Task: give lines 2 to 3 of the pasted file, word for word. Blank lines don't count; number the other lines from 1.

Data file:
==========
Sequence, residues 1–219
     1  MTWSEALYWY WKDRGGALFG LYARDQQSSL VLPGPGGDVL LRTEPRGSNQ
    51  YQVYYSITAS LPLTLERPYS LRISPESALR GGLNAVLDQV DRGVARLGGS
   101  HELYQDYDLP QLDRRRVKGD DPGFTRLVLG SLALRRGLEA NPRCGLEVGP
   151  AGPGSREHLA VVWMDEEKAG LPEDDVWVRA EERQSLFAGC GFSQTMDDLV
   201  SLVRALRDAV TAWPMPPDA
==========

     1  MTWSEALYWY WKDRGGALFG LYARDQQSSL VLPGPGGDVL LRTEPRGSNQ
    51  YQVYYSITAS LPLTLERPYS LRISPESALR GGLNAVLDQV DRGVARLGGS